Organizers identify, recruit and develop leadership; build community around leadership; and build power out of community. Organizers challenge people to act on behalf of shared values and interests. They develop the relationships, understanding, and action that enable people to gain new understanding of their interests, new resources, and new capacity to use these resources on behalf of their interests. Organizers work through "dialogues" in relationships, interpretation and action carried out as campaigns.
Organizers interweave relationships, understanding and action so that each contributes to the other. One result is new networks of relationship wide and deep enough to provide a foundation for a new community in action. Another result is a new story about who this community is, where it has been, where it is going -- and how it will get there. A third result is a strategy envisioning how a community can turn the resources it has into the power it needs to get what it wants. An a final result is action as the community mobilizes and deploys its resources on behalf of its interests -- as collaboration, claims making, or both.
Organizers develop new relationships out of old ones - sometimes by linking one person to another and sometimes by linking whole networks of people together.
Organizers engage people in interpreting why they should act to change their world – their motivation – and how they can act to change it – their strategy.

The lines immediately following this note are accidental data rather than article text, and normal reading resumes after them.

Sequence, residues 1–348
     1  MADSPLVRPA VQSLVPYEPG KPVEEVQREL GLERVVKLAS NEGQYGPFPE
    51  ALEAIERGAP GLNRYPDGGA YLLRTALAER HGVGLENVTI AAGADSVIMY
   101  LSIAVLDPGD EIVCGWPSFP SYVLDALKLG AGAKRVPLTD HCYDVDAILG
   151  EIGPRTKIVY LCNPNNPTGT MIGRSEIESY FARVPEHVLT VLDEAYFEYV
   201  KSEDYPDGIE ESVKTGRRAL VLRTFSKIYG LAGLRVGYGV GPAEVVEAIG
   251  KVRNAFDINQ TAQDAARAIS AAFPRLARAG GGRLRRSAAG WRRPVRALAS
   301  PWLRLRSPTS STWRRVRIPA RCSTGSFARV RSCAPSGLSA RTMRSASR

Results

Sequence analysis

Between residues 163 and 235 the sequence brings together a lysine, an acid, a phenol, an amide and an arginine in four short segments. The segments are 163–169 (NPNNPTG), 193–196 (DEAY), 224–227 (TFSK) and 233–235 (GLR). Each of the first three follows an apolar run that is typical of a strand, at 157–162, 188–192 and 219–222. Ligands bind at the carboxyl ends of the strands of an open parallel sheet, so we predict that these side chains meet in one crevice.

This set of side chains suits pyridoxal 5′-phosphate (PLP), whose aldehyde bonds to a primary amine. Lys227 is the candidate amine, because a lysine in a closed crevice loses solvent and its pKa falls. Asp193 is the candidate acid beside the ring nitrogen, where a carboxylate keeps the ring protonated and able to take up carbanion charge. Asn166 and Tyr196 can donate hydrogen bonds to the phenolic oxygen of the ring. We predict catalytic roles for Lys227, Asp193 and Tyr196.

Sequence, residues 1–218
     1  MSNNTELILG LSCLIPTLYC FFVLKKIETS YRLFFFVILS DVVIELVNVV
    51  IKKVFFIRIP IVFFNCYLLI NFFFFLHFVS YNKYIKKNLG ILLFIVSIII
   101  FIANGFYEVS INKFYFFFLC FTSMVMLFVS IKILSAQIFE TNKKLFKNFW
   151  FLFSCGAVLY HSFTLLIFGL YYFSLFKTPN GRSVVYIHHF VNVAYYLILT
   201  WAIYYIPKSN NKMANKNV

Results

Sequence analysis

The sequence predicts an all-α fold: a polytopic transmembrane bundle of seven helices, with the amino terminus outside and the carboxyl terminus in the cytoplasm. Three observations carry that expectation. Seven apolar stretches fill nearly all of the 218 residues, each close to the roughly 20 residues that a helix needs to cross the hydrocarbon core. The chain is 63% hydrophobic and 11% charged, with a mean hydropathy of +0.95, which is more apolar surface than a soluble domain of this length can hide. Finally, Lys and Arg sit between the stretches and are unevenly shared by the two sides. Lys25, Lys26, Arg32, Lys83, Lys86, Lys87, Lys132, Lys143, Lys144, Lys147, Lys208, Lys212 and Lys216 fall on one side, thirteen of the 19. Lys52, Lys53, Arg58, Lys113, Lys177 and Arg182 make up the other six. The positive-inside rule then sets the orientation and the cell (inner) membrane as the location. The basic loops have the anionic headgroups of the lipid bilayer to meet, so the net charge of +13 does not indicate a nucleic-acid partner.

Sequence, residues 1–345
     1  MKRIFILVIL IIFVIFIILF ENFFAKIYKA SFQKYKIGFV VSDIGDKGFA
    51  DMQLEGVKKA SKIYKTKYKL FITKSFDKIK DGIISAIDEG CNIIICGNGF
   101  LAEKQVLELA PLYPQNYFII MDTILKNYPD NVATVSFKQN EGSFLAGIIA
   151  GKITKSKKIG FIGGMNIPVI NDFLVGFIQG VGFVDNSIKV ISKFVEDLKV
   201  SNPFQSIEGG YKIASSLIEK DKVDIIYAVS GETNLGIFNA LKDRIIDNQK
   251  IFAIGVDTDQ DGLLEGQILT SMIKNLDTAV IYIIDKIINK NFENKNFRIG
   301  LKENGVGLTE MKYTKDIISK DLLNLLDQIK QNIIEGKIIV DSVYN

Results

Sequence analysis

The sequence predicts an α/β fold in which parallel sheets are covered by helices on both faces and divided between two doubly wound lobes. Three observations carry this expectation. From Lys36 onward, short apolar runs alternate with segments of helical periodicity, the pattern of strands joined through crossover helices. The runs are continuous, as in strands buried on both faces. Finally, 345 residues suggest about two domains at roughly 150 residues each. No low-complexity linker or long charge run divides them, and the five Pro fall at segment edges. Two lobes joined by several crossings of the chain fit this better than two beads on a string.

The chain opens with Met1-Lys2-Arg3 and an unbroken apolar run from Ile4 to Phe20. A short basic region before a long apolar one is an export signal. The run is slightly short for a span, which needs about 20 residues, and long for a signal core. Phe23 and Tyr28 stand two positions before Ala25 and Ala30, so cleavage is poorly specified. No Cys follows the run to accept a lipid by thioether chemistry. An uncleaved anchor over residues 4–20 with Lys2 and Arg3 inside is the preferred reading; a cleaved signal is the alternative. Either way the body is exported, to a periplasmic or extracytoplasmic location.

Organizers motivate action by deepening people’s understanding of who they are, what they want, and why. Mobilizing feelings of hope, anger, self-worth, solidarity, and urgency, they challenge feelings of fear, apathy, self-doubt, isolation, and inertia that inhibit action.
Organizers engage people in articulating why they should act as a shared story of the challenges they face, why they – and others – must face up to them, and where the hope is – rooted in understanding who they are, where they want to go, and why they want to get there.
Organizers engage people in understanding how they can act by deliberating about their circumstances, reinterpreting them to identify new opportunities, and strategizing to make creative use of their resources.
Organizers challenge people to take the responsibility to act. Empowerment for a person begins with taking responsibility. Empowerment for an organization begins with commitment: the responsibility its members take for it. Responsibility begins with choosing to act. Organizers challenge people to understand, but also to commit, to act and to learn how to act effectively.
Organizers work through campaigns. Campaigns are highly energized, intensely focused, concentrated streams of activity with specific goals and deadlines. People are recruited, programs launched, battles fought and organizations built through campaigns. Campaigns polarize by bringing out those ordinarily submerged conflicts contrary to the interests of the constituency. One dilemma is how to depolarize in order to negotiate resolution of these conflicts. Another dilemma is how to balance campaigns with the ongoing work of organizational growth and development.
Organizers build community by developing leadership. They develop leaders by enhancing their skills, values and commitments. They build strong communities through which people gain new understanding of their interests as well as the power to act on them -- communities which are bounded yet inclusive, communal yet diverse, solidaristic yet tolerant. They work to develop a relationship between a constituency and its leaders based on mutual responsibility and accountability.
©Marshall Ganz, Kennedy School, 2006